In order to gain admittance into the cities during his Indian expedition, Dionysus dressed his troops inwhite linen and deer skins, instead of gleaming armour. Their spears were adorned with ivy, and thepoints of the spears were hidden under athyrsus. His orders were given by cymbals and drums, insteadof trumpets; and intoxicating his enemies with wine, he engaged them in dancing and Bacchic orgies.Such were the stratagems which that general practised in his conquest of India, and the rest of Asia.2 Dionysus, finding his army unable to bear the excessive heat of the Indian climate, occupied a three-peaked mountain; one of peaks of which is called Corasibiē, another Condasbe, and the third he calledMerus ["thigh"] in commemoration of his birth. The mountain contains a variety of fountains, aboundsin wild beasts, produces plenty of fruit, and the air is cooled by continual snow. His army, from theirposition here, used suddenly to show themselves to the barbarians in the plains; and showering down
on them large flights of arrows from the those high and craggy precipices, obtained easy conquests.3 After Dionysus had subdued the Indians, he formed an alliance with them and the Amazons, andtook them into his service. When he penetrated into Bactria, whose boundary is the river Saranges, hefound that the Bactrians had possessed themselves of the mountains above the river, in order to disputehis passage. Encamping therefore on the river side, opposite the enemy, he ordered the Amazons andthe Bacchants to ford it; expecting that the Bactrians, in contempt of the women, would quit their postson the mountains, and attack them; which they accordingly did. The women retreated, and werepursued by the enemy to the opposite bank. Then Dionysus at the head of his troops furiously attackedthe Bactrians, and as they were surprised and impeded by the water, defeated them with great slaughter,and crossed the river himself without any further danger.[2]
Pan, a general of Dionysus, was the first who created a regular system for the marshalling of an army.He invented thephalanx, and arrranged it with a right and left wing; from which he is usuallyrepresented with horns. Victory always belonged to the strongest sword, until he pointed the way toconquest by artifice and manoeuvre.2 While he was in a wooded hollow, Dionysus was informed by his scouts that an immense army ofthe enemy was encamped a little above him. This was alarming news; but he was soon relieved of hisworries by Pan, who ordered the whole army, in the silence of the night and on a given signal, to giveout a loud shout. The surrounding rocks, and the hollows of the forest re-echoed the sound, andimposed on the enemy a fear that his forces were infinitely more numerous than they were; seized byanxiety, they abandoned their camp and fled. From the circumstances of this stratagem, the nymphEcho has been supposed by the poets to be the mistress of Pan; and hence also all pointless andimaginary fears are called panics.[3]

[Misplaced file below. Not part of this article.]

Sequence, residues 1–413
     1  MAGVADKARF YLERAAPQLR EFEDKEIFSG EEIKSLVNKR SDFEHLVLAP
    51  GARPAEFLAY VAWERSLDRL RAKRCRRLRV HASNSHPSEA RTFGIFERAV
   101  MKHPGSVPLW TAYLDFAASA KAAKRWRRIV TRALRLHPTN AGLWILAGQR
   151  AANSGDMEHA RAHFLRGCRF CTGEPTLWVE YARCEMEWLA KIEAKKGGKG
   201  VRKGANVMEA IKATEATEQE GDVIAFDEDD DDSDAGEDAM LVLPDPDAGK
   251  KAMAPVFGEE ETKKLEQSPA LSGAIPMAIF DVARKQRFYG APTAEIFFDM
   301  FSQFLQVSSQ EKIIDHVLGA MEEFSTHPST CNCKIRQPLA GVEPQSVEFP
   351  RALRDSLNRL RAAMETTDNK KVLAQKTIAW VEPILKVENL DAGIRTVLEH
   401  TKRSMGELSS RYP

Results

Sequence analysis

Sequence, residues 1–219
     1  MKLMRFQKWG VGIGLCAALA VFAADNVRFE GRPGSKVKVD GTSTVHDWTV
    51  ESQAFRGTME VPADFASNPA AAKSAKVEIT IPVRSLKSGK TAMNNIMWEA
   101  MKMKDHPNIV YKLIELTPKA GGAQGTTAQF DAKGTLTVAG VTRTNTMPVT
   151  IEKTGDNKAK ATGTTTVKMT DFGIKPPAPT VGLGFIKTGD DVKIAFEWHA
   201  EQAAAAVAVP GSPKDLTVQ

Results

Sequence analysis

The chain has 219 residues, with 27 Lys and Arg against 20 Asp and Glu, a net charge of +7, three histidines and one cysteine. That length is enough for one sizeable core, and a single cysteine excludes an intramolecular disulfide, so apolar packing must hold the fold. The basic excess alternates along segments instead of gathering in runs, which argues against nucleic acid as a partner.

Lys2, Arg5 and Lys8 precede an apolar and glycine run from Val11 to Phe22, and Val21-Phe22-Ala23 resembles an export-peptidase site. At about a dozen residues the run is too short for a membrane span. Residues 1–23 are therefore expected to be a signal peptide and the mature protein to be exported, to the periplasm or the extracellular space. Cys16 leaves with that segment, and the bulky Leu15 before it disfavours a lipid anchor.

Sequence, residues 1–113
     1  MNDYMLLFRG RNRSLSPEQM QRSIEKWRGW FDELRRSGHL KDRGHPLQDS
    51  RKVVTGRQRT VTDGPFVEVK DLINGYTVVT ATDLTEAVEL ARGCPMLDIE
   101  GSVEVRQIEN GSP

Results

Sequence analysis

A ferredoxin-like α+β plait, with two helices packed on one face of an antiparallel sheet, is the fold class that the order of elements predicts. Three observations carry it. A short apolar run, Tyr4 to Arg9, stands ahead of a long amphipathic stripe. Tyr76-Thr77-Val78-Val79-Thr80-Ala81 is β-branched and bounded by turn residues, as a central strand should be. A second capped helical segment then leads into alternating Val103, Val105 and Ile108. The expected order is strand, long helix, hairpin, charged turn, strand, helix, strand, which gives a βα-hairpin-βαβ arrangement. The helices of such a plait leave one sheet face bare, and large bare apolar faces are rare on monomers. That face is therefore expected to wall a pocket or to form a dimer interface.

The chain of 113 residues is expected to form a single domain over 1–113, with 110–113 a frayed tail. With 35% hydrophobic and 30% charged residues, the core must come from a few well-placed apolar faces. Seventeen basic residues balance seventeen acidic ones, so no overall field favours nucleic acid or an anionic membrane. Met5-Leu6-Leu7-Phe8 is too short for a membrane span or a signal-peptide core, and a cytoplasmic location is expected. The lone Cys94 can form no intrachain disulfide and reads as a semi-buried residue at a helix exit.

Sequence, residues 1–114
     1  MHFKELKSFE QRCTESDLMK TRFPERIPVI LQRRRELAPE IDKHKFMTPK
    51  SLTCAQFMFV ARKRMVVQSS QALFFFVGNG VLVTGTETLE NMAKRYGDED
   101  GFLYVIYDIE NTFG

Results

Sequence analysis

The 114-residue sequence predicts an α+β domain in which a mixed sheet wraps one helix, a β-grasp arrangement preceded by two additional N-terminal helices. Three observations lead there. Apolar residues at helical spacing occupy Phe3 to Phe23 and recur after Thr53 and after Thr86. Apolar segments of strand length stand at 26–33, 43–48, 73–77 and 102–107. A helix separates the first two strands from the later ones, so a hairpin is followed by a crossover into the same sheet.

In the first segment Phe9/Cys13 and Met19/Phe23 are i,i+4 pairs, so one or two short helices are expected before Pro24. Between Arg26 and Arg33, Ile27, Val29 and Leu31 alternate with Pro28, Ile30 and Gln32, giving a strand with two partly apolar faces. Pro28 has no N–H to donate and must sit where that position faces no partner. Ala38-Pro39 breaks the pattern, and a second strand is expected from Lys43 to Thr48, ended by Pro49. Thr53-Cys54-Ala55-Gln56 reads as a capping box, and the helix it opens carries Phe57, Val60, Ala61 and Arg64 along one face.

Heracles was determined to remove the race of Centaurs from Pelion, but he was inclined to act on thedefensive, rather than commence hostilities. He resided for a short time with Pholus, and opened a jarof fragrant wine, which he and his companions secretly watched. The neighbouring Centaurs, alluredby the smell, flocked together to the cave of Pholus, and seized the wine. Then Heracles, to punish thecrimes of these thieves and robbers, attacked and slew them. [
see also:
 Diodorus, 4.12'3]2 To avoid encountering the superior strength of the Erymanthian boar, Heracles had recourse toartifice. As the beast lay in a valley, which was full of snow, he annoyed him with stones from above.The boar at length roused himself in anger, and with great violence sprang forward, but sank into thesnow. While he was thus entangled in the snow, and unable to exert himself, he became an easy preyfor his assailant.3 In his expedition against Troy, Heracles advanced to give the enemy battle as soon as he landed; andat the same time he ordered the pilots to put back a little to sea. The Trojan infantry soon gave way,while their cavalry pushed to the sea, in order to possess themselves of the ships; but they were not ableto capture the ships, because they were floating a little off from the land. Heracles came in pursuit ifthem, and thus hemmed in by the enemy on one side and the sea on the other, they fell an easy victimto the conquerors.4 In India Heracles adopted a daughter, whom he called Pandaeē. To her he allotted the southern partof India which is situated by the sea, dividing it into three hundred and sixty-five cantons. He imposedon these cantons a daily tax; and he ordered each canton in turn, on their stated day, to pay the royalstipend. So that if any of them refused the tax, the queen might depend on the others, because they were